Dow Jones Industrial Average: 26,078.62, -494.42 (-1.86%)
NASDAQ: 7,785.25, -123.44 (-1.56%)
S&P 500: 2,887.61, -52.64 (-1.79%)
NYSE Composite: 12,608.43, -226.92 (-1.77%)

Wednesday, October 2, 2019

Is Another October Surprise Developing for US Stocks?

On the opening day of trading for the fourth quarter, stocks were beaten down, with all of the major US averages losing more than one percent on the day.

Following Monday's end-of-quarter window dressing session, the losses on Tuesday were unexpected, but not to any extreme extent.

Could the indices be entering an October surprise, not dissimilar to that which occurred in 2018, when the stock markets retreated en masse from all-time highs and then took further flight in December?

It's a real possibility, since, despite making new all-time highs during the summer months, stocks have been relatively flat for the past year. On October 1, 2018, the Dow stood at 26,447.05, which is just 126 points shy of where it closed on Tuesday. Economic conditions haven't really improved. In fact, many might posit that they have degraded.

The World Trade Organization (WTO), which in April 2018 projected global growth at four percent, recently downgraded all of 2019's growth to a paltry 1.2%. Employment, at least in the US, has peaked, with average monthly non-farm payroll data down from last year and September's figures are likely to come in soft.

ISM Manufacturing in the US fell to its lowest level in a decade, registering a 47.8, down from 49.1 points in August and the lowest level since June 2009. Two straight months below 50 indicates not only contraction, but an acceleration in the level of decline. That, in addition to the inverted yield curve, suggests that a recession is due in the US, as Europe is on the brink of recession as well and the condition has a tendency for global contagion.

Thus, stocks get sold, bonds - in a flight to relative safety - get bought and the result is depressed moods all around.

If general chaos is what one desires, this would seem like the perfect opportunity to impeach a sitting president on little more than hearsay. And that is precisely what House Democrats are attempting.

At the Close, Tuesday, October 1, 2019:

Dow Jones Industrial Average: 26,573.04, -343.79 (-1.28%)
NASDAQ: 7,908.68, -90.65 (-1.13%)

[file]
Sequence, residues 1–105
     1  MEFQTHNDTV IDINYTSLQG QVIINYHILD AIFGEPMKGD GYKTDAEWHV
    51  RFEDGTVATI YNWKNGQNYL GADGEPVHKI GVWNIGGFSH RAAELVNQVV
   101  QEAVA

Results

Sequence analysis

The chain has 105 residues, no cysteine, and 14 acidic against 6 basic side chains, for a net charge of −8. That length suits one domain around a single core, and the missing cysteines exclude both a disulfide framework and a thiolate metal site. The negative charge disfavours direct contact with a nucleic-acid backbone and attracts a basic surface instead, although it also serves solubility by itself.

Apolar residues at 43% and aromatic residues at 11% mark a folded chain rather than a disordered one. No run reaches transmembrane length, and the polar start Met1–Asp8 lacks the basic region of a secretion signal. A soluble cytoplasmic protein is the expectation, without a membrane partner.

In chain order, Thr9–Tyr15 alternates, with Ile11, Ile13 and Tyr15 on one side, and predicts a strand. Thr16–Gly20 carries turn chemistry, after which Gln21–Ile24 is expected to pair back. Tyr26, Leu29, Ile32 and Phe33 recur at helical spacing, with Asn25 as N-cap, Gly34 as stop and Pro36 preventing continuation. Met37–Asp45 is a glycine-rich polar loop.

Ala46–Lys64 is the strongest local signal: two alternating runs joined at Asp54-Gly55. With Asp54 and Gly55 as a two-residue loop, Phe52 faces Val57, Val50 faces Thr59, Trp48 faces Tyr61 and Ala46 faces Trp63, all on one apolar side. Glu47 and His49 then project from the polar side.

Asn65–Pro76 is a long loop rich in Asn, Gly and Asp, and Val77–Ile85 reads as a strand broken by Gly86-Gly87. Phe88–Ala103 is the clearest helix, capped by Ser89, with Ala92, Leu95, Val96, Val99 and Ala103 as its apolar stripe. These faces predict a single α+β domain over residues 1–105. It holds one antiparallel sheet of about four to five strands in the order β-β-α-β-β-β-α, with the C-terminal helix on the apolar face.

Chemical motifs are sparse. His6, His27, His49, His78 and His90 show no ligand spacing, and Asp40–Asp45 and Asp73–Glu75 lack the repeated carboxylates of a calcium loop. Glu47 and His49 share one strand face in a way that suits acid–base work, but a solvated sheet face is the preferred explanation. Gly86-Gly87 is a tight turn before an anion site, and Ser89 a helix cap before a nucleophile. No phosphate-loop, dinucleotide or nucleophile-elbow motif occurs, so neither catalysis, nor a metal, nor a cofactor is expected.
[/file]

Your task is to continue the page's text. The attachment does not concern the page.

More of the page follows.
S&P 500: 2,940.25, -36.49 (-1.23%)
NYSE Composite: 12,835.35, -169.39 (-1.30%)

Tuesday, October 1, 2019

Investors Unconcerned Over Impeachment, Recession

As end-of-quarter trading sessions go, this one was quite on the tame side.

Sure enough, funds bought up some of the most-favored names as "window dressing" for clients, present and future, pleasure. It's an age old tactic to garner new business. "Look what we have," is how funds tout their portfolios to prospective investors, since there are no regulations prohibiting such misleading behavior.

Nonetheless, the practice is commonplace, but less and less significant as consumers become more aware of some Wall Street tactics.

Otherwise, most of the buzz on Monday was over the ongoing impeachment coup against President Trump being conducted in the House of Representatives. The Democrats are using unnamed sources in second-hand, hearsay-colored, whistleblower complaints as their latest weapon against the president.

House Speaker Nancy Pelosi also changed House rules back in December to allow committee members to take depositions from interviewees and people subpoenaed without minority (Republican) representation, which is why the Democrats are working swiftly to take statements while they are actually in recess. Clearing out the opposition is a truly underhanded tactic, not worthy of the US congress, though the Democrat party has apparently now sunk to new levels of sleaziness. More on all of this in an article authored by Raul Ilargi Meijer via The Automatic Earth blog.

Much of what's occurring in DC is apparent to the sharpest minds on Wall Street, and there's certain to be monitoring of events as the happen. Taking wall Street's apparent unconcerned posture as a clue, there's likely less than a 10 percent chance of the Democrats succeeding in impeaching President Trump. Their narrative is weak, not all members of the party are in agreement with approach and, further, if the House actually voted to impeach, a trial would have to be held in the Senate, where a 2/3rds vote is needed to convict and that is highly unlikely, given that Republicans are in the majority.

The weeks ahead will surely be replete with accusations and arguments about the president's "unfitness." A spirited counter-attack from the administration is also expected, and that should be a spectacle to behold.

Wall Street seems confident that the tremors in Washington, DC will not result in a political earthquake. While a positive outcome from their proceedings is far from assured, it is probably best to keep a level head, understanding that much of what the House Democrats are calling "crimes" are actually the president investigating the root causes of the non-stop witch hunt against him.

At the Close, Monday, September 30, 2019:
Dow Jones Industrial Average: 26,916.83, +96.58 (+0.36%)
NASDAQ: 7,999.34, +59.71 (+0.75%)
S&P 500: 2,976.74, +14.95 (+0.50%)
NYSE Composite: 13,004.74, +32.76 (+0.25%)